Field Marshall Alan Brooke

Field Marshall, Alan Brook was commissioned into the Royal Artillery in 1902, serving in Ireland and India before World War I. At the end of World War I, he was a brevet Lieutenant Colonel and in Command of the artillery in the 1st Army. Between the wars he commanded Britain's first mobile division and the Territorial Army Anti-Aircraft Corps. He was given command of the II Corps in the BEF. In December 1941, he was made the Chief of the Imperial General Staff (CIGS) and promoted to Field Marshall in January 1944.[58]

Field Marshall Bernard Law Montgomery

Field Marshal Bernard Montgomery was commissioned in 1908 into the Royal Warwickshire Regiment.[59] a veteran of World War I he entered World War II as the commander of the 3rd Infantry Division assigned to the British Expeditionary Force, he then took command of II Corps during the evacuation at Dunkirk.[59] After several Corps appointments was placed in command of South Eastern Command before being dispatched to Egypt to take command of the Eighth Army.[59] After the Second Battle of El Alamein and the advance into Libya and Tunisia, he lead the Eighth Army during the Battle of Sicily and then the invasion of Italy itself.[60] He was transferred back to the United Kingdom to take command of the 21st Army Group and led all Allied ground forces during Operation Overlord. Following the conclusion of this campaign, relinquishing the role of Ground Forces commander, he continued to lead 21st Army Group throughout the rest of the 1944–1945 North West Europe Campaign.[61]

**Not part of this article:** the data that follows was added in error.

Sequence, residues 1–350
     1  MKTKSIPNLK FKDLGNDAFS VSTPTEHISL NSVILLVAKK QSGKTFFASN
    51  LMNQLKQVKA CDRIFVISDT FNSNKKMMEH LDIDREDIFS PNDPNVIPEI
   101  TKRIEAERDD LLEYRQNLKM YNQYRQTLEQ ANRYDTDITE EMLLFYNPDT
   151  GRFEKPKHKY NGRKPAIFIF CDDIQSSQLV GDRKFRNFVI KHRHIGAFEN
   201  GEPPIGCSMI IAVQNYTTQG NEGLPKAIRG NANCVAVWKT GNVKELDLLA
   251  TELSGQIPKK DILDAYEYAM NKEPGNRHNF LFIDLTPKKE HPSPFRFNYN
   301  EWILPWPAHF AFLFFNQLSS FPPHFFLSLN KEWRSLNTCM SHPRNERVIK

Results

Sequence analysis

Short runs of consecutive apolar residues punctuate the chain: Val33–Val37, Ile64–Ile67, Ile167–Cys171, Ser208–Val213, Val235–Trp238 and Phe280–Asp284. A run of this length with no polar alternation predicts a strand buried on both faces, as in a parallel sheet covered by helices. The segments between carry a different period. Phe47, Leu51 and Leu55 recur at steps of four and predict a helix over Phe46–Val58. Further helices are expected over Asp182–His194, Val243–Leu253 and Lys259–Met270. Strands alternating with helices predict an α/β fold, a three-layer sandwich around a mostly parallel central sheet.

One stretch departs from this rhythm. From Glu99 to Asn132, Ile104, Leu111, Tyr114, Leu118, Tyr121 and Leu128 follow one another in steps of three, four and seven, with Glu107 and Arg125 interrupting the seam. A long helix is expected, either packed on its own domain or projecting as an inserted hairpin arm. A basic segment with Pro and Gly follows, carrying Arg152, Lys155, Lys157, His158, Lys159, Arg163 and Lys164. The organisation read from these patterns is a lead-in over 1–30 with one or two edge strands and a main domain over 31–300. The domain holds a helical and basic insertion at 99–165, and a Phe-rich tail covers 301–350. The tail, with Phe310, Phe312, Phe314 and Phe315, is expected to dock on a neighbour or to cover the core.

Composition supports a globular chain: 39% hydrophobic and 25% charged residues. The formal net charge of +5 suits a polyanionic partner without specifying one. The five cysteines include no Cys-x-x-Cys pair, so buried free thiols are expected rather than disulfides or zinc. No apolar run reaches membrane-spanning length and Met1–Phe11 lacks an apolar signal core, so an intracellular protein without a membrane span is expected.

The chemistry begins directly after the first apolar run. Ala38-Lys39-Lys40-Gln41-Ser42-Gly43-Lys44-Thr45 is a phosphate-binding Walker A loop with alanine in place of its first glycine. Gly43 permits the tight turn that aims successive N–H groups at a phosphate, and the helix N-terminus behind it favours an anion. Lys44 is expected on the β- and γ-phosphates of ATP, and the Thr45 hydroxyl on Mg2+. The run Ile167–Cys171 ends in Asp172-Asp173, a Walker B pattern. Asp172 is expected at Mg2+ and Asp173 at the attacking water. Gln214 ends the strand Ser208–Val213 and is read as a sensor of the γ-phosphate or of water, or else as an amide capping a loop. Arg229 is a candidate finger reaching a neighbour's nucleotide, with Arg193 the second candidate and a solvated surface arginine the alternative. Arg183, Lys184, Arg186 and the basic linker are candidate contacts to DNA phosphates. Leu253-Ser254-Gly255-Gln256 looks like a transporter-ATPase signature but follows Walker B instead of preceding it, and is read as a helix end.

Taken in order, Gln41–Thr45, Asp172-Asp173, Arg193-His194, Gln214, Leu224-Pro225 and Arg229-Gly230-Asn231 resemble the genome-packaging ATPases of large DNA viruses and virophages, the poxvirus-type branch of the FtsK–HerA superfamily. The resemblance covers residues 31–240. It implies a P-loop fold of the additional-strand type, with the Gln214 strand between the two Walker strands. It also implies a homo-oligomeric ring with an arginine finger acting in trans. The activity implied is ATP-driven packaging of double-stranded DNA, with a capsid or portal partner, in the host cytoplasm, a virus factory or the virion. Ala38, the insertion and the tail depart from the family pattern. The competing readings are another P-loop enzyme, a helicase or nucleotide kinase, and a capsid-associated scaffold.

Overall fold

Field Marshall John Dill

Field Marshall, John Dill was commissioned as a second lieutenant in the 1st battalion of the Leinster Regiment[62] and was posted to South Africa to see out the Second Boer War.[63] On the outbreak of the World War I He became brigade-major of the 25th brigade 8th division in France where he was present at Neuve Chapelle. By the end of the war he was a brigadier general and had been Mentioned in Despatches eight times.[64] In 1929 he was posted to India and in 1930 was promoted to major general before returning to appointments at the Staff College and then to the War Office as Director of Military Operations and Intelligence, holding that post until 1 September 1936.[64][65] Seen as something of a dinosaur and poorly regarded by both Winston Churchill and Leslie Hore-Belisha, Minister for War, Dill was eventually posted as commander of I Corps in France on 3 September 1939.[66] He was promoted to full general on 1 October 1939.[67] On returning to the United Kingdom in April 1940, Dill was appointed Vice Chief of the Imperial General Staff (and a member of the Army Council, under CIGS William Ironside, by the then Prime Minister Neville Chamberlain. On 27 May 1940, after Chamberlain had been replaced by Churchill, Dill replaced Ironside as CIGS.[66][68]